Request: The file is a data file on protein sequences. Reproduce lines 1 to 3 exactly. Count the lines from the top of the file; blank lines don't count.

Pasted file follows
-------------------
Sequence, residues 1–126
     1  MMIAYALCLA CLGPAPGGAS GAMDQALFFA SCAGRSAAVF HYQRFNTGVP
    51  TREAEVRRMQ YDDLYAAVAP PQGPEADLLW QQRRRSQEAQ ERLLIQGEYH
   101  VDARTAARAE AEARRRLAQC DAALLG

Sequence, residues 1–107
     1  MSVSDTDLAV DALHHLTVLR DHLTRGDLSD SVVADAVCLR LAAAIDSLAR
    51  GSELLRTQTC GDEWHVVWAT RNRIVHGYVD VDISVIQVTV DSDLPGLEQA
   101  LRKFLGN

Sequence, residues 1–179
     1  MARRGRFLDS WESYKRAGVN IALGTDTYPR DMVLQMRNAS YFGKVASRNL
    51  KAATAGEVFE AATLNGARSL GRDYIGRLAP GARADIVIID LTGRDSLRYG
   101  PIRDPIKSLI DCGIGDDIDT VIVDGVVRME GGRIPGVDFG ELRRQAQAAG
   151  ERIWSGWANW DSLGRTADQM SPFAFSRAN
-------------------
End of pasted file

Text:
Sequence, residues 1–126
     1  MMIAYALCLA CLGPAPGGAS GAMDQALFFA SCAGRSAAVF HYQRFNTGVP
    51  TREAEVRRMQ YDDLYAAVAP PQGPEADLLW QQRRRSQEAQ ERLLIQGEYH